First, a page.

CARS.COM — When it comes to smartphone gadgets in the 2015 Honda Fit, you won’t find Apple CarPlay and Android Auto like you will in the 2016 Honda Civic and Honda Accord. Instead, we’re stuck with HondaLink NextGeneration in Cars.com’s long-term 2015 Honda Fit test car. HondaLink lets users stash their phone while using the Fit’s multimedia system to control five available smartphone applications.
Before you get excited about five whole apps, Aha and iHeartRadio streaming radio are the only recognizable ones. We dug into our long-term Fit’s convoluted media system to see how well the apps work with a late-model iPhone 6.
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First, firing up HondaLink isn’t as easy as plugging your iPhone into a USB port and opening up existing Aha and iHeartRadio apps. HondaLink requires an iOS Cable Kit ($99) available through Honda that includes an HDMI cable, Lightning USB cable and Apple Digital AV converter. One end of the contraption plugs into the iPhone’s Lightning connector while the other plugs into the Fit’s HDMI and USB vehicle inputs located below the multimedia system and climate controls; yes, that’s why there’s a mysterious HDMI input in the Fit.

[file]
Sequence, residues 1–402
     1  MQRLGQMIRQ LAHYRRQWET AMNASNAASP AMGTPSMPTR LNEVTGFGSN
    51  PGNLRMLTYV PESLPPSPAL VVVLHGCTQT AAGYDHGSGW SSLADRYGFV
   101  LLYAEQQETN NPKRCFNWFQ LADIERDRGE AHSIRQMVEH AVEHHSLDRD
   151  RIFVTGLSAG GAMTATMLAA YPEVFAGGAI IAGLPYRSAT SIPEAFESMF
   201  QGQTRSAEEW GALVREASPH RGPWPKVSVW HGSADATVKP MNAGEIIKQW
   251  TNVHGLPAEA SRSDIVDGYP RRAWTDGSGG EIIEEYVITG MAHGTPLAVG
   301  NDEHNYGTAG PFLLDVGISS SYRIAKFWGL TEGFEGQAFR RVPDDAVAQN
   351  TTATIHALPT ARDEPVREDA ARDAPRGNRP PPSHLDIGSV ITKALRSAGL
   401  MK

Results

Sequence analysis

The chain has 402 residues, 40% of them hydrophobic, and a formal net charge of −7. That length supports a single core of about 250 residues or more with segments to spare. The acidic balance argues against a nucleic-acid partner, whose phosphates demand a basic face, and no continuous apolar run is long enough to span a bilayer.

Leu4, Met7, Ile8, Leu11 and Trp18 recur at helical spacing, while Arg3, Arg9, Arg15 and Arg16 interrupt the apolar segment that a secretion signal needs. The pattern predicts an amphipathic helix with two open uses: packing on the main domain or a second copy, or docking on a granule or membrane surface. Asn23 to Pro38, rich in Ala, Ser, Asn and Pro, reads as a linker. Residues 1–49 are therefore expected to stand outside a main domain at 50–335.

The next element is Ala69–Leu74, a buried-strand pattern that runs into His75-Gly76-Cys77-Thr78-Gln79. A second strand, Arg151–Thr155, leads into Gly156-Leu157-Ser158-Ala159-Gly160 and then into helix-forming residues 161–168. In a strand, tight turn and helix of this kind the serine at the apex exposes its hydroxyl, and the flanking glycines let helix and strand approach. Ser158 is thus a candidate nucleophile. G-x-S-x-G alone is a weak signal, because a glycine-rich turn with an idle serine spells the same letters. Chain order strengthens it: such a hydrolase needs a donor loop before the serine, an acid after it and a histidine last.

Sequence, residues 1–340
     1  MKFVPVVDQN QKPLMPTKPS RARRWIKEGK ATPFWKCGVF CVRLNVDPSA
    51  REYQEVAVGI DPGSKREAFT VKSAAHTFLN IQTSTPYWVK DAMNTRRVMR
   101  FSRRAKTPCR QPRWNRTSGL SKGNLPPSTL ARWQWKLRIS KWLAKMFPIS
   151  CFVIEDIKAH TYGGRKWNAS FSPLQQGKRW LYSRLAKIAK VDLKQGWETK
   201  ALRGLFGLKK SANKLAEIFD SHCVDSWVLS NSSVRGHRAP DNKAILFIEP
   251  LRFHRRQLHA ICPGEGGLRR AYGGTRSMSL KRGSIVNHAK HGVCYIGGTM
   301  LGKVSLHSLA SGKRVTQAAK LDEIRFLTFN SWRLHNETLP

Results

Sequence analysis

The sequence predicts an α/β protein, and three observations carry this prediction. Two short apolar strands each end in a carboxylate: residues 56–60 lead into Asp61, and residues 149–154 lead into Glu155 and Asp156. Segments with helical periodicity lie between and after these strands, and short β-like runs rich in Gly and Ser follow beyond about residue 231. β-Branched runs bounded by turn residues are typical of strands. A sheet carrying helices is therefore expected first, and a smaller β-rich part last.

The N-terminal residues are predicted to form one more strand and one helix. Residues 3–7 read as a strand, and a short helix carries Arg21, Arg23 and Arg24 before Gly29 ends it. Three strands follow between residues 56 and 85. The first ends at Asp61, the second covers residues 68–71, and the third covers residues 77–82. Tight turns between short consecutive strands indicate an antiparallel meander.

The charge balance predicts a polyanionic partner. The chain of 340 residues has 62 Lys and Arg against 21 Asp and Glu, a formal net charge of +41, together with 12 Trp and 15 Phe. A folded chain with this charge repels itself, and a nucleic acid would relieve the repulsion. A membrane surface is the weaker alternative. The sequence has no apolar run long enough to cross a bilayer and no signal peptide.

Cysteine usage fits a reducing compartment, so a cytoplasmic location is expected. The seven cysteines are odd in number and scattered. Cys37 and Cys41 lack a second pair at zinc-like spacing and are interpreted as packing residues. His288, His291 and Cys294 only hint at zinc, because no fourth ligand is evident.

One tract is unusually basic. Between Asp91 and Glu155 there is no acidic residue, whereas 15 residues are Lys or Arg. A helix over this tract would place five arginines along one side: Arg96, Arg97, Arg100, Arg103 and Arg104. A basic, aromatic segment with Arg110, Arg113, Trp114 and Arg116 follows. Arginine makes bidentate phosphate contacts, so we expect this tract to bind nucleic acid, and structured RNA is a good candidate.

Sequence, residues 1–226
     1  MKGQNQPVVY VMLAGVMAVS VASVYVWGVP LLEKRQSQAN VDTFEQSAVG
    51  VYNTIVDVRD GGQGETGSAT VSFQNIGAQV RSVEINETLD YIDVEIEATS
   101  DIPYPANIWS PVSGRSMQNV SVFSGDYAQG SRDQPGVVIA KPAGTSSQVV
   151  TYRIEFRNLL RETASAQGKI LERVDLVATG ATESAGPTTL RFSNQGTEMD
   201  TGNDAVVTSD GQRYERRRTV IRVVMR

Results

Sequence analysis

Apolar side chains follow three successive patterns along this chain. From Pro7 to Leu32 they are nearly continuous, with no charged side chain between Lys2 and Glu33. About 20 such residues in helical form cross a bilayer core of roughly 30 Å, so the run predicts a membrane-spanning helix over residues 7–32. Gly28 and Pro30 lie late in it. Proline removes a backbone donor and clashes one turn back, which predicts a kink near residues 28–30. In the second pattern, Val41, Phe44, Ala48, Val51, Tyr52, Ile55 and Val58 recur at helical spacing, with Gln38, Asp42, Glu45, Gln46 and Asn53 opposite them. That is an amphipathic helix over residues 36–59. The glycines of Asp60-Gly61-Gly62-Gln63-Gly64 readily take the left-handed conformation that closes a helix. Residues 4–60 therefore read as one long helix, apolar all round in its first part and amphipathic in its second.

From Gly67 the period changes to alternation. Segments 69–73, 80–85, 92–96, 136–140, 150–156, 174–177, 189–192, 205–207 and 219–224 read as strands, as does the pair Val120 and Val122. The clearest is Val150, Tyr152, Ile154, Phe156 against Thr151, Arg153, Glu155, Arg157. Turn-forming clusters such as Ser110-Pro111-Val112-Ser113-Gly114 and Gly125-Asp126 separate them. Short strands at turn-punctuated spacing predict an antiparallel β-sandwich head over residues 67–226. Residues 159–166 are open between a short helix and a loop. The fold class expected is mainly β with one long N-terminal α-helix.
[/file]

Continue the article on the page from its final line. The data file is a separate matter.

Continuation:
With the required compatibility hardware acquired, it’s time to download the HondaLink App Launcher and HondaLink-specific version of Aha as well as the automotive-specific version of iHeartRadio; standard versions don’t work with HondaLink. HondaLink’s other apps include a pricey navigation service ($59.99) reviewed here and HondaLink Connect with local weather info, service reminders and owner’s manual.